Connecticut and the rest of the country will begin the decennial census next month. So much depends upon this count. Federal infrastructure, education, and public safety funding; representation in Congress and the state legislature; and even economic development all rely on the data collected. That is why we at the Connecticut Conference of Municipalities (CCM) have created a plan of action to help towns and cities make sure every resident is counted.
The Census Bureau is dealing with constrained budgets, long-standing distrust in government, informal living arrangements, a mobile population, increasingly diverse populations, and rapidly changing technology. Because each and every person living in America at the time the Census takes place must be counted, it needs help from towns and cities who are time and again ranked as the most trusted level of government.
CCM built our plan of action to make sure our communities are well-informed and can share that info with their residents. CCM has urged towns to:
• Inform residents that the census is easy and protects their data;
• Create or join a local Complete Count Committee;
• Partner with trusted voices and influential leaders who are committed to increasing census participation;
• Educate residents on the importance of completing the census;
• Participate in Point in Time Counts of those experiencing homelessness;
• Help with recruiting for Census Bureau jobs.
These efforts began in early 2019 when CCM joined the Connecticut Complete Count Committee led by Lt. Governor Susan Bysiewicz. Each town or city can create their own Complete Count Committee (CCC), and serve as state and local “census ambassador.” These committees are whatever a municipality needs them to be. They can include outreach to rural areas without physical mailboxes, or partnering with organizations in areas where English is not the primary language.
Waterbury divides its CCC into subcommittees with outreach to neighborhood associations, families, students, faith-based communities, foreign-born residents, and seniors. This ensures that residents get good credible information from sources they trust on how and where to fill out the Census form.
This is important in communities that might be leery of filling out a governmental form. The census does not reveal personal data and federal law protects responses — info will not be shared to any agency or court, including the Federal Bureau of Investigation, Central Intelligence Agency, Department of Homeland Security, and Immigrations and Customs Enforcement. In fact, all Census Bureau staff take a lifetime oath to protect personal information.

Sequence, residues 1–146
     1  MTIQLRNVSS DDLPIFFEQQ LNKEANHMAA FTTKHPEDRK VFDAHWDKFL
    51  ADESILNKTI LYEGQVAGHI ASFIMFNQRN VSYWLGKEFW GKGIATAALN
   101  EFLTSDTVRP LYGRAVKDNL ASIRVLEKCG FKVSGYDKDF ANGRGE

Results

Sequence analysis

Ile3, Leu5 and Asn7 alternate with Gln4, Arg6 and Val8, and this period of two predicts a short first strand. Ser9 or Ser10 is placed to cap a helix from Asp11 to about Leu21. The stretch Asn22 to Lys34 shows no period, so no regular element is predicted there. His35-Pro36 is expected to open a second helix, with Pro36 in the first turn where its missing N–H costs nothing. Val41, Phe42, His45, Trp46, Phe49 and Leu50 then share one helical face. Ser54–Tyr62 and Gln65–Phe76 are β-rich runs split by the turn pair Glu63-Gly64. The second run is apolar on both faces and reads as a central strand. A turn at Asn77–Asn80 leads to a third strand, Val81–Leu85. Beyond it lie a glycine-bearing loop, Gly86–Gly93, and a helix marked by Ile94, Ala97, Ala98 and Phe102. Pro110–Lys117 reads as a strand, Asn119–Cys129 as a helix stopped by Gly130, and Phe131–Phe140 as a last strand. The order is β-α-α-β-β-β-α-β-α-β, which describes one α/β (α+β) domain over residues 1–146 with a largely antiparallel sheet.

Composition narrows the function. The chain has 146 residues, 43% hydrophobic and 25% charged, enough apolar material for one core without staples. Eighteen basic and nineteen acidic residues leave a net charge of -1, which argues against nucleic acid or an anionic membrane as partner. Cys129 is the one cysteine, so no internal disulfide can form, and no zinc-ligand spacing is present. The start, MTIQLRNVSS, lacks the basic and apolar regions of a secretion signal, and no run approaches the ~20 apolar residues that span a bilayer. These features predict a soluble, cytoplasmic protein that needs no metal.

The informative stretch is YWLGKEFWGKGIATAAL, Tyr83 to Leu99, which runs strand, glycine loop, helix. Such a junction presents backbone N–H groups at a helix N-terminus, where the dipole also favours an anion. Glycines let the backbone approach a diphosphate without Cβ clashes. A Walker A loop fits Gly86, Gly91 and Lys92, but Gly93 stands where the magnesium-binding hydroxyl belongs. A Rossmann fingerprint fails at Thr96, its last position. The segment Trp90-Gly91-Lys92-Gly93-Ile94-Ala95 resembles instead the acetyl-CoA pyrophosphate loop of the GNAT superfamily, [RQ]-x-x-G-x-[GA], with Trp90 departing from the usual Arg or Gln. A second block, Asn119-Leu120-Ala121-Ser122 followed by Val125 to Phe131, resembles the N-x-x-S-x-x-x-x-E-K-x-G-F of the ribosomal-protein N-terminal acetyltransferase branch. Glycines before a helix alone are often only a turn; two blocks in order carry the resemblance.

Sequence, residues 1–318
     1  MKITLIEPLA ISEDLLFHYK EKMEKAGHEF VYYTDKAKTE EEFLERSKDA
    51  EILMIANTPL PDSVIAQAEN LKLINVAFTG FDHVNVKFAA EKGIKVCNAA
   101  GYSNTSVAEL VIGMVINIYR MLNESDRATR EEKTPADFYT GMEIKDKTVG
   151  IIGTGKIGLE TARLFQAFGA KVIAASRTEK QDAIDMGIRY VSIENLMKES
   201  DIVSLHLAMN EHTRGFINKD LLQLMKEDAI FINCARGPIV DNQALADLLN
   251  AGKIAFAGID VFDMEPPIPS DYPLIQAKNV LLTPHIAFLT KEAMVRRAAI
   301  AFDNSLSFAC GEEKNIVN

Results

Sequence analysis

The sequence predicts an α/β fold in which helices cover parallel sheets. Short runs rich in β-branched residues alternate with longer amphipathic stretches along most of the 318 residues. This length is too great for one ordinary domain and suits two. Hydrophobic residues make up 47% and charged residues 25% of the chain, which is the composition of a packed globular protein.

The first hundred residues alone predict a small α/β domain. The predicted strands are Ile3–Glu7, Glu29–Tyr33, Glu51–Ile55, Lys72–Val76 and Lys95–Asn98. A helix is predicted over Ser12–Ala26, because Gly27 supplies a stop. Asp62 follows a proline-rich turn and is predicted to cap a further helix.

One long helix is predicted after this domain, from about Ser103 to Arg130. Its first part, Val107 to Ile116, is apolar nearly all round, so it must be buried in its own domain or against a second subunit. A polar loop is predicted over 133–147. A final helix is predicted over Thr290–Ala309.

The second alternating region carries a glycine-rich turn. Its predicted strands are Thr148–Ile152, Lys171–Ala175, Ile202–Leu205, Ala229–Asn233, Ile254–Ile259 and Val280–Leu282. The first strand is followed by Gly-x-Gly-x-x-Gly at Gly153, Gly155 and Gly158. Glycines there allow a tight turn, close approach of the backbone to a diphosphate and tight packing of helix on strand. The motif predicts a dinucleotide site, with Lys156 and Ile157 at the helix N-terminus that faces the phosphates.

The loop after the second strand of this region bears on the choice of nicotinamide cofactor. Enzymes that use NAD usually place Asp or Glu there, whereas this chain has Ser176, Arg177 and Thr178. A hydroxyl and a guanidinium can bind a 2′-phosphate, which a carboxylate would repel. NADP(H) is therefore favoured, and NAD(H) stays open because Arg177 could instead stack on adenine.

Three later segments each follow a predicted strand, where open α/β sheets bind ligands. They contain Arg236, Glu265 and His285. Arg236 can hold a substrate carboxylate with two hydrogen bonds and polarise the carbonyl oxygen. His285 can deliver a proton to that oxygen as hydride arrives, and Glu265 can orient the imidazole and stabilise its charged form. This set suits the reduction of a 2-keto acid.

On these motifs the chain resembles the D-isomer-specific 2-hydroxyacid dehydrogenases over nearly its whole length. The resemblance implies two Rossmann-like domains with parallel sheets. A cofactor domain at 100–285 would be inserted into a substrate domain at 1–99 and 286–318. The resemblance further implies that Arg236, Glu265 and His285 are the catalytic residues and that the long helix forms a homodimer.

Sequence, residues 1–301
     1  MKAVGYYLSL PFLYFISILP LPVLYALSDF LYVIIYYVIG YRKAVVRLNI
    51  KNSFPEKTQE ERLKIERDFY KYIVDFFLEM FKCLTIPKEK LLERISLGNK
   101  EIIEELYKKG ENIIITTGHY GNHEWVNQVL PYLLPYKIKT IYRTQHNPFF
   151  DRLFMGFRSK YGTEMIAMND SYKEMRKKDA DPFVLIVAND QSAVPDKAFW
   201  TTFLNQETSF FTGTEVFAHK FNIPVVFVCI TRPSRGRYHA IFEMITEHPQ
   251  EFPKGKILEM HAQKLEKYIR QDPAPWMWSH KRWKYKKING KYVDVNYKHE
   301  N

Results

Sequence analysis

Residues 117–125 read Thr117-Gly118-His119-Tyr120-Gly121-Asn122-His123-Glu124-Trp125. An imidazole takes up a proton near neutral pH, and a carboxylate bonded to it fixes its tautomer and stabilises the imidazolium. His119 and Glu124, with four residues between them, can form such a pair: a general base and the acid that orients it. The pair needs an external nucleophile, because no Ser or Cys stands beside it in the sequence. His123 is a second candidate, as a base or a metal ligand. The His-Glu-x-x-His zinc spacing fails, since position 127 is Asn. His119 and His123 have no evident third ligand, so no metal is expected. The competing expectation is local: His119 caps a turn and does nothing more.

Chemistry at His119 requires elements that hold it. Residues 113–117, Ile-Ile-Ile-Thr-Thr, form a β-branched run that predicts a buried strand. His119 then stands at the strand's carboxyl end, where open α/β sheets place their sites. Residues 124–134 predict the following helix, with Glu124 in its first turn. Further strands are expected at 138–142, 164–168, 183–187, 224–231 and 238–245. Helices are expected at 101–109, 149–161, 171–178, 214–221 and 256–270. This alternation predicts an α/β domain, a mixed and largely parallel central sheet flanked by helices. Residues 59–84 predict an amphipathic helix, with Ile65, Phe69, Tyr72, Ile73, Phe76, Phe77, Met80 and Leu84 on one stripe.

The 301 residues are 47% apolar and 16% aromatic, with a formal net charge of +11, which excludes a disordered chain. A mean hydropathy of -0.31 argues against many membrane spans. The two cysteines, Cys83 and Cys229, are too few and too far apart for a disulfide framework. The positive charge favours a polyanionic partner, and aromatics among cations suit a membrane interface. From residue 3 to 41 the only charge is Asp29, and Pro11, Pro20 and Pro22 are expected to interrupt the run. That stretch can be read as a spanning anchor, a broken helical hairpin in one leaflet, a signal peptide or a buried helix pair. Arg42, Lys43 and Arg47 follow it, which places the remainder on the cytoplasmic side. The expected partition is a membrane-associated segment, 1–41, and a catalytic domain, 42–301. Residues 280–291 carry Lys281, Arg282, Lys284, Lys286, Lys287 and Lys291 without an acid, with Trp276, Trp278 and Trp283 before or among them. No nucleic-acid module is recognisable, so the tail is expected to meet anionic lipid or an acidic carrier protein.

The census is crucial for municipalities. The state uses data from the census to make projections about school districts, health statistics and emergency preparedness. The Educational Cost Sharing formula uses census data. It allows the state to target public health interventions and public safety planning for vulnerable populations.
And municipalities need to know this information to make accurate predictions on things like housing and transportation needs. The data will not be revised in a few months or a few years, and the next census won’t be until 2030, so an undercount can affect us for an entire decade.
Eleven billion dollars in federal resources came to our state this past year based on census figures. That money represents over 55 different federal programs including SNAP, housing programs, and Community Development Block Grants. Connecticut sends more money to Washington than it gets back, so making sure the census is accurate is paramount to maintaining the funding that the state and municipalities receive.
The census is at the heart of good economic development. Businesses make all kinds of decisions for retail and manufacturing placement based on population data, so it is in municipalities’ best interest to make sure they are ensuring a full and accurate count.
That is the difference between losing a representative in Congress and staying at five, maintaining or even increasing federal funding we bring into the state, and economic development opportunities as businesses decide whether Connecticut is right for them.
The census, like elections, is an exercise in civic participation and, arguably, as important. Because it only happens every ten years, it increases the need for full participation. Dozens of towns and cities across Connecticut have created CCCs following CCM’s lead.
Our plan of action ensures that we not only properly communicate the importance of the 2020 census, but that we make sure that all Connecticut residents are on board. A full accounting helps provide the financial resources and essential data to improve the lives of residents, and foster economic development. We are all in this together. The census is counting on it.
Neil O’Leary is the mayor of Waterbury and immediate past president of the Connecticut Conference of Municipalities (CCM), which is included among the sponsors of this website.
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